K2 is a beast of a mountain, hence its nickname the “Savage Mountain.” It may not be as tall as Everest, but it’s a more difficult and technical climb to its 28,251-foot summit. “With or without oxygen, it has such a low success rate and high fatality rate,” says climber Adrian Ballinger, the Tahoe-based founder of AlpenGlow Expeditions. But on July 24 after a successful K2 summit, Ballinger became the fourth American to climb K2 and Everest without supplemental oxygen. His climbing partner, Ecuadorian Carla Perez, also became the first Latin American woman to achieve the same feat.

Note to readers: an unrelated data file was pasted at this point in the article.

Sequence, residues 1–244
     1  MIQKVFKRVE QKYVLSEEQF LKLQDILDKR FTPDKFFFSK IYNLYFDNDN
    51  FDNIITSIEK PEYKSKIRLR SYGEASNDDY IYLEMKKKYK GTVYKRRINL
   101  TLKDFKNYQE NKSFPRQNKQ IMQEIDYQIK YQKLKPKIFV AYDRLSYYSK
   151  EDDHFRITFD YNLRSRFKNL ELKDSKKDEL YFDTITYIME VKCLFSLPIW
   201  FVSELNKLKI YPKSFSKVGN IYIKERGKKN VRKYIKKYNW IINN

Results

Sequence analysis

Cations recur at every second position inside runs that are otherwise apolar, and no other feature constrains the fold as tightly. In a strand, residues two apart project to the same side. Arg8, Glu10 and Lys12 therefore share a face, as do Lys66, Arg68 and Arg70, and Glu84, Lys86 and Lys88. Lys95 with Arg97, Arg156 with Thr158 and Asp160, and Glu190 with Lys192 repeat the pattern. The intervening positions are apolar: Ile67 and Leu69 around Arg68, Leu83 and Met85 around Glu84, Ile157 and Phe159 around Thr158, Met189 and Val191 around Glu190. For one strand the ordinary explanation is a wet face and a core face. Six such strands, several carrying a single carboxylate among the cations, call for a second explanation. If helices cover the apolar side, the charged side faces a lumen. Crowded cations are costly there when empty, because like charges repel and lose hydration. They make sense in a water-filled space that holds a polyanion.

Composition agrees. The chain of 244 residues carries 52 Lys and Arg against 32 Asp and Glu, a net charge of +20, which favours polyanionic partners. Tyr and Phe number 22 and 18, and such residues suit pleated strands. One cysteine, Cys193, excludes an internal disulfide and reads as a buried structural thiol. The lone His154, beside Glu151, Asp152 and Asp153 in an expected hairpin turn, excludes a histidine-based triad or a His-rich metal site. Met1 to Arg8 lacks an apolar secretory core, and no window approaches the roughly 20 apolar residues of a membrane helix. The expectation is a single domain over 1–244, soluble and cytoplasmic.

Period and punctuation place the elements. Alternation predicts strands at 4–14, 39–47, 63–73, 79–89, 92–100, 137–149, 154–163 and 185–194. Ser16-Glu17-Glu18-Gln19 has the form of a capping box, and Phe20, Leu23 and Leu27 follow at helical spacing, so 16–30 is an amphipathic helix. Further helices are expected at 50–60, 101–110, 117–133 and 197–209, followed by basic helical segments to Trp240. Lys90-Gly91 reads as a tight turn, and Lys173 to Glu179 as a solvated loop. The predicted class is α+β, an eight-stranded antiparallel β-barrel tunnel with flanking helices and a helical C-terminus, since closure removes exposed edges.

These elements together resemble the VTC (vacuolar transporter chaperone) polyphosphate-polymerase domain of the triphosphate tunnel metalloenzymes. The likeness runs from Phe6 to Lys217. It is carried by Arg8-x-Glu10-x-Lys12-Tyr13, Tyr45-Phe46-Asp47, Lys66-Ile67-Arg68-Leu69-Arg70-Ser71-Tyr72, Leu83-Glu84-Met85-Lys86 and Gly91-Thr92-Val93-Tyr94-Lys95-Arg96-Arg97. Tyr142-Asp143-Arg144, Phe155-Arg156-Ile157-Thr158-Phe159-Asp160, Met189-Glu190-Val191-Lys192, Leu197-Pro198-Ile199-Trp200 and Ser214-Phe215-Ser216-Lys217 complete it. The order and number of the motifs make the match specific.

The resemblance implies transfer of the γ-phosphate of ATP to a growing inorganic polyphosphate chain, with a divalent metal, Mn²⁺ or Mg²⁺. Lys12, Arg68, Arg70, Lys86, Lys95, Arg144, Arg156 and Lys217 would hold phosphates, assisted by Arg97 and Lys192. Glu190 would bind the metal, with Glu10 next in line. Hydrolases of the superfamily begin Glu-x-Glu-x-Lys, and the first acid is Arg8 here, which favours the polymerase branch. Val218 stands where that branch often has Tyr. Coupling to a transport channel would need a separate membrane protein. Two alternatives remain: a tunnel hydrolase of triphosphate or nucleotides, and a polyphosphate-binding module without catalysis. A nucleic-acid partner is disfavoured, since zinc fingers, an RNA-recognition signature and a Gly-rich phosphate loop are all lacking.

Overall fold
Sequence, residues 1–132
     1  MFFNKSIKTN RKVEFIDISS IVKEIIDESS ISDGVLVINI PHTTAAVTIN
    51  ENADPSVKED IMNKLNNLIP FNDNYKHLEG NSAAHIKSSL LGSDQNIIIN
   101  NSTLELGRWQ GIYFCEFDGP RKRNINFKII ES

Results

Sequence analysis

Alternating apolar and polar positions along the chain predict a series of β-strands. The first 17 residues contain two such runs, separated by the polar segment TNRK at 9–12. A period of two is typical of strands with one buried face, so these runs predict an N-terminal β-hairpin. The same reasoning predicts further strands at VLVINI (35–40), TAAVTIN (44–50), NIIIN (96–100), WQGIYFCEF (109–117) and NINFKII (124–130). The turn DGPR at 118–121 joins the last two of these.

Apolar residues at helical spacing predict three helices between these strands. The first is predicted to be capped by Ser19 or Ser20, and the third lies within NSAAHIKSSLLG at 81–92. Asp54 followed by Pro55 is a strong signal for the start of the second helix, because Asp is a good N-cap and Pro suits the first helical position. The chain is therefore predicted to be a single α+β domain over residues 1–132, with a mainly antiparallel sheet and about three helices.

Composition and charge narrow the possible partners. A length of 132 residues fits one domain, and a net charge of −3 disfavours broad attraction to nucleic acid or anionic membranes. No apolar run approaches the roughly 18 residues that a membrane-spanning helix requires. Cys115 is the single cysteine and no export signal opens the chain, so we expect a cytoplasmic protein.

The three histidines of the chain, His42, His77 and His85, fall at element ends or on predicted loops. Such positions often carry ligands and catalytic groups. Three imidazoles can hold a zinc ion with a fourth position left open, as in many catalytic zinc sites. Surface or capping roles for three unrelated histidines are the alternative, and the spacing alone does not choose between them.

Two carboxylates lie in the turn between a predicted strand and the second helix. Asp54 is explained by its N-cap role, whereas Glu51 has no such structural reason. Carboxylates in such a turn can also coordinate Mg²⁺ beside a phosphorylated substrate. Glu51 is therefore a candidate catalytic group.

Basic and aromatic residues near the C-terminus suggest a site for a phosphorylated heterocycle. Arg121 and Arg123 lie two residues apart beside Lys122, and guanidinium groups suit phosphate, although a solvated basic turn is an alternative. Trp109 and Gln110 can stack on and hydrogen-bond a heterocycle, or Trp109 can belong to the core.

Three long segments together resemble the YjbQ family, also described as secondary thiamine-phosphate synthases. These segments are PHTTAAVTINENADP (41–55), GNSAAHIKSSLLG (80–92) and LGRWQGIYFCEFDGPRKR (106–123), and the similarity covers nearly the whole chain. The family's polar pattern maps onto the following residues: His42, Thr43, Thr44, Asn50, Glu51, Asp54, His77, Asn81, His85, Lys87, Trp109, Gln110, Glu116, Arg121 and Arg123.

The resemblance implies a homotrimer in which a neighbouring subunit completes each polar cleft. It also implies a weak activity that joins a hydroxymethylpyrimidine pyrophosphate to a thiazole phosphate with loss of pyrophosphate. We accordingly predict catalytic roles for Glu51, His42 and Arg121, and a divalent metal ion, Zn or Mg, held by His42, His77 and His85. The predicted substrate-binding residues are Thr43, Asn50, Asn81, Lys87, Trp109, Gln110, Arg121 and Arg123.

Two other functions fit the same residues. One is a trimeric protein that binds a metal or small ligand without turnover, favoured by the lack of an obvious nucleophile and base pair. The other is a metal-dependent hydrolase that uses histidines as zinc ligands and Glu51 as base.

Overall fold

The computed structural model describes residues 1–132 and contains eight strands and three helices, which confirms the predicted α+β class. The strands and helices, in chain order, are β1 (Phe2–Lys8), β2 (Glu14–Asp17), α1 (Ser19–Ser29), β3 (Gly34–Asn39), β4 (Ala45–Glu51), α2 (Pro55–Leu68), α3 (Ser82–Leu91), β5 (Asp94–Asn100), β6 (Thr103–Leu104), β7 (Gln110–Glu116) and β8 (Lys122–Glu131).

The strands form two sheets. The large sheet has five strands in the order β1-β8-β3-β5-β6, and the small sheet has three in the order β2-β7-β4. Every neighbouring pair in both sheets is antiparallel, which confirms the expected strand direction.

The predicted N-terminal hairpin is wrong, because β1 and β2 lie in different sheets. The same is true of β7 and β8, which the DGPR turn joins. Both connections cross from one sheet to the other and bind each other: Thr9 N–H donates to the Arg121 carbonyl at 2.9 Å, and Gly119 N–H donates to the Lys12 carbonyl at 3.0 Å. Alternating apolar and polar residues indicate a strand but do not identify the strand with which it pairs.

This year’s K2 season saw very few summits due to more snowfall than the past three decades, which made for chest-deep snow above 7,800 meters. This sent 90 percent of the teams home. Ballinger and Perez, who were supported by Esteban “Topo” Mena, Palden Namgye, and Pemba Gelje Sherpa—all on oxygen—were hopeful the conditions would improve. And they did.
In addition to a huge wind event clearing the snow up high, their spirits were lifted by the arrival of this season’s Himalayan superstar, Nirmal “Nims” Purja, who opened the route and made the first summit of the season—using supplemental oxygen. It made for an incredible adventure.
We caught up with Ballinger over the phone while he was in Islamabad after a traditional Pakistani dinner with his team to find out what they experienced on this dangerous peak, the differences between climbing with Os and no Os, and if K2 will become the next Everest.
You have just become the fourth American to successfully climb Everest and K2 without supplemental oxygen. What made you want to do K2 without oxygen?